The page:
Interesting... just caught an old "Car & Track " episode on Speed Channel from 1969 where they tested the '69 Impala, a Custom Coupe. They were pretty easy on it but still had some complaints. They said that the 396-2 barrel engine would have had trouble punching thru a wet kleenex. 0-60 took over 13 seconds. And they complained about the soft suspension. The handling shots on the test track showed unbelieveable understeer and the outside front tire was rolled over right to the rim. I remember dad's '69 as being way too soft so this was probably accurate. Their braking test from 60 mph resulted in the car swapping ends too! Still, in the end they liked the car but seeing this film from 30-odd years ago it makes you remember what boats fullsize cars were back then.
Nov 24, 2002 (7:40 am)
The level of incompetence of large American cars in braking and suspension back then is pretty shocking, especially when you consider that we certainly had the know how to do better, or we could have bought the talent from Europe. I mean, Ford did exactly that to race at LeMans.
#607 of 650 That's pretty shocking...
Nov 24, 2002 (9:48 am)
...that the Chevy did that badly. Back then though, automakers were terribly inconsistent. One car could roll off the asembly line the epitome of perfection, where the very next could be a nightmare. For instance, my '67 Catalina isn't THAT different from a '69 Impala, and I've never had any complaints about its handling. Any problems that it does have are more a result of the tires (215/75/R-14) than any fault of the car itself. I've had to nail the brakes a few times, from high speed, and never had the car swap ends. I even had one rear wheel that tended to lock up prematurely, but it wasn't that much of a problem.
What the hell was wrong with the car that it took 13 seconds to do 0-60? A heavier '72 Impala, with a 165 hp 350-2bbl, could do 0-60 in about 12-12.5 seconds, and that was with much more conservative Consumer Reports testing it!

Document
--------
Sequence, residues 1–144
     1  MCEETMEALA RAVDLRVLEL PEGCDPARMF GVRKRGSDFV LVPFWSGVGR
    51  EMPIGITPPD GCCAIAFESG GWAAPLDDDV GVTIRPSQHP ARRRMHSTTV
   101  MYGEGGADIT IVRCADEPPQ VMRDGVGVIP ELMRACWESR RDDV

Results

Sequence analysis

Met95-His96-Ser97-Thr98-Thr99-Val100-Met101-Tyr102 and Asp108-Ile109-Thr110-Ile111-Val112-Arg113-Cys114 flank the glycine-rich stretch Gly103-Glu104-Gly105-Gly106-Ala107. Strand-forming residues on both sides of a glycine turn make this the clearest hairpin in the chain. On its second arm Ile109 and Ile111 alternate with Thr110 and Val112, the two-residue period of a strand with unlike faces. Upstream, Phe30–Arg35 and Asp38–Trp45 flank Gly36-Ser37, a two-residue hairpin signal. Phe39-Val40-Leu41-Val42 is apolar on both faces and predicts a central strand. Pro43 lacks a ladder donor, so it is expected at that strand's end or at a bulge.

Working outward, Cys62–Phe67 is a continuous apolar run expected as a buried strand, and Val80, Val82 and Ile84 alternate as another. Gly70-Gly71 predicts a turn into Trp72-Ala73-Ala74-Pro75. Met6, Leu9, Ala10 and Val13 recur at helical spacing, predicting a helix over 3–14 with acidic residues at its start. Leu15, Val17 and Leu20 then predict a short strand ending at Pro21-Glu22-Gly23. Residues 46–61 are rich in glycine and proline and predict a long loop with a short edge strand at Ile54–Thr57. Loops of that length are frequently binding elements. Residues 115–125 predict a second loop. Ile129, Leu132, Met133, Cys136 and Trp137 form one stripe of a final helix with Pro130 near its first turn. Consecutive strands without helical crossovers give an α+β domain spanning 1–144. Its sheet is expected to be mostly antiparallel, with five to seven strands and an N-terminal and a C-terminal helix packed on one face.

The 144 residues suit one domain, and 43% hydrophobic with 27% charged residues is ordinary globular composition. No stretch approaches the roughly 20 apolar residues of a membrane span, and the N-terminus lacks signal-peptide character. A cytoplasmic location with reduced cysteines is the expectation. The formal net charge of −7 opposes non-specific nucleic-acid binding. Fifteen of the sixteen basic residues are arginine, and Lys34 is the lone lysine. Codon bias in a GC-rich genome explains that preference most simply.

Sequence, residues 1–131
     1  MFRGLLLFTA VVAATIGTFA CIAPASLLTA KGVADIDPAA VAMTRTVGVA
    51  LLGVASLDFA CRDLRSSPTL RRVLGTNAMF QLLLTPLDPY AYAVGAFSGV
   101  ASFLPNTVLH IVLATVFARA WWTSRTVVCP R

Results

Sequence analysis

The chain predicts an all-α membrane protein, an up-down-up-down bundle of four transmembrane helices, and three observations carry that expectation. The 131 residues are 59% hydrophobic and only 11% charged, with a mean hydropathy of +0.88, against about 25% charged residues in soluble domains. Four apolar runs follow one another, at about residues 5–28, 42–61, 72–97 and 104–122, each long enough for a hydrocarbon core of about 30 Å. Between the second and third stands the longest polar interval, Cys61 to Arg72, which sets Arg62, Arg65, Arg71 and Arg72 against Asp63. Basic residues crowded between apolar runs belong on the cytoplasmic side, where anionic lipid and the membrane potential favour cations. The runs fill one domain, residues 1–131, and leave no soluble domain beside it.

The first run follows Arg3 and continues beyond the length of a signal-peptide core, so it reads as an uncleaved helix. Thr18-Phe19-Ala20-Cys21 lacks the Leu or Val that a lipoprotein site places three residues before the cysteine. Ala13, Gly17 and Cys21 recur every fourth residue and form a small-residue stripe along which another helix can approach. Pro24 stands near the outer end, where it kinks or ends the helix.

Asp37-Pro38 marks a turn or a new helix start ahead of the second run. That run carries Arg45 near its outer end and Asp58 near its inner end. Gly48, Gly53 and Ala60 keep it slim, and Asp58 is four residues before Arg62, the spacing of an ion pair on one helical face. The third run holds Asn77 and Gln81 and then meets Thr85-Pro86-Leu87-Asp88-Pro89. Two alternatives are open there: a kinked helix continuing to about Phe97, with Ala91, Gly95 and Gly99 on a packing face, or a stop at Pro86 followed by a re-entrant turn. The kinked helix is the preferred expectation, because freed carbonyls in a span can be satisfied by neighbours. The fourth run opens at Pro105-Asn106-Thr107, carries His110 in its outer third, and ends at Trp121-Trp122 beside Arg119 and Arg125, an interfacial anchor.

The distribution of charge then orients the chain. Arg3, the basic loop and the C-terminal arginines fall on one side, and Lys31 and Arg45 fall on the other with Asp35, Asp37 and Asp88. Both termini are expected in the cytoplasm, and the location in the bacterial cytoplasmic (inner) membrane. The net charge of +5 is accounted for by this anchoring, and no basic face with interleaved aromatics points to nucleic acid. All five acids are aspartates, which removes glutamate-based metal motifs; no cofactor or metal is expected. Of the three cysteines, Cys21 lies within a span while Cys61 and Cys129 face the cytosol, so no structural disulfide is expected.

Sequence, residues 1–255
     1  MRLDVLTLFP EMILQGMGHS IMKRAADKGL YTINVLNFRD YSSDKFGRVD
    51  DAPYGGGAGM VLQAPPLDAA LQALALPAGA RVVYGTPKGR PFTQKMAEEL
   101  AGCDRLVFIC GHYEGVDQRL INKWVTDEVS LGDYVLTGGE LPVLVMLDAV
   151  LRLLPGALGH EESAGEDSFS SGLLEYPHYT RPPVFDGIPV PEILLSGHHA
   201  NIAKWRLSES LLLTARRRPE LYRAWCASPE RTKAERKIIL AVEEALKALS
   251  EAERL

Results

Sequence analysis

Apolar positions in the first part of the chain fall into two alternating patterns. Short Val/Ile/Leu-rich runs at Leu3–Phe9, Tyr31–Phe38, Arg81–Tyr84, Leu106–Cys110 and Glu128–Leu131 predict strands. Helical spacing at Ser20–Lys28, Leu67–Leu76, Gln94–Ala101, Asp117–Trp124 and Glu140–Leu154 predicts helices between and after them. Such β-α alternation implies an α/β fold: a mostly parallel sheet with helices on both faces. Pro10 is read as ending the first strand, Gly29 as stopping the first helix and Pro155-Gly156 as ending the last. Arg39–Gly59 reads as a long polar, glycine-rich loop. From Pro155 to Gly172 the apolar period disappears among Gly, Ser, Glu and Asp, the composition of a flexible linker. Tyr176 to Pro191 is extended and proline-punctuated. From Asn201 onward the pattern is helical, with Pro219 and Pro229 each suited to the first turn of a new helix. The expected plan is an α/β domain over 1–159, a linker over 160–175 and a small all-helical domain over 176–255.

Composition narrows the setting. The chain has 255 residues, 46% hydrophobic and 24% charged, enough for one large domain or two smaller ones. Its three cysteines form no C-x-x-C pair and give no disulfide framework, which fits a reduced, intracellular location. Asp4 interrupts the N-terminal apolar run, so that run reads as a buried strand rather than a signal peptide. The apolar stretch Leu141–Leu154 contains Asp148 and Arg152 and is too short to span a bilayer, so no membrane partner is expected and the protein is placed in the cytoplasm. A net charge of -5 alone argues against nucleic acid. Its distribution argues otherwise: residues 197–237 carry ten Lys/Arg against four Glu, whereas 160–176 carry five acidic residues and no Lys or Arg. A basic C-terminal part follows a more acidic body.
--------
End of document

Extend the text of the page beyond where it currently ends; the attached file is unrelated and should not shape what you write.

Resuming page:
I also had a '69 Bonneville, and while it had its problems, handling, acceleration, and braking were not among them. Its 400-4bbl would move it from 0-60 in about 9 seconds, I guess. It handled pretty well for a car shod with 75-series tires (225/75/R-15). Braking wasn't bad either...it had disk up front, drum in the rear. Basically the typical full-size RWD car as it existed up until around the mid 90's, just in a more swingin' 60's body shell.
Nov 24, 2002 (11:08 am)
Yeah, they complained constantly about the lack of power from the 396, which shocked me. Maybe the 2-barrel versions (which I didn't even know they made) were just too choked off, or maybe it had a very low-numerically ratio rear end.
We forget how easy it is to lose control in a full-lockup panic stop if you don't have ABS. I've swapped ends twice in my life and all it takes is for one wheel to lock up before the others.
As for the handling, I think Chevy went to full-soft settings in '69 based on my dad's car and now seeing this one. If you ordered the F-41 suspension it was much more capable.
Nov 24, 2002 (11:44 am)
Chevy softened the ride in '57 and stayed with it for years. But the Impala I rented recently had a borderline harsh ride, much like the Sable I drove two years ago. I can't believe Ma and Pa Consumer go for that. Maybe that's why Buicks sell well.
Nov 24, 2002 (12:45 pm)
60s---too much power for too little tires is one big issue. Ever see a slow motion shot of what happens to those old fashioned tires when you apply power. Pretty scary!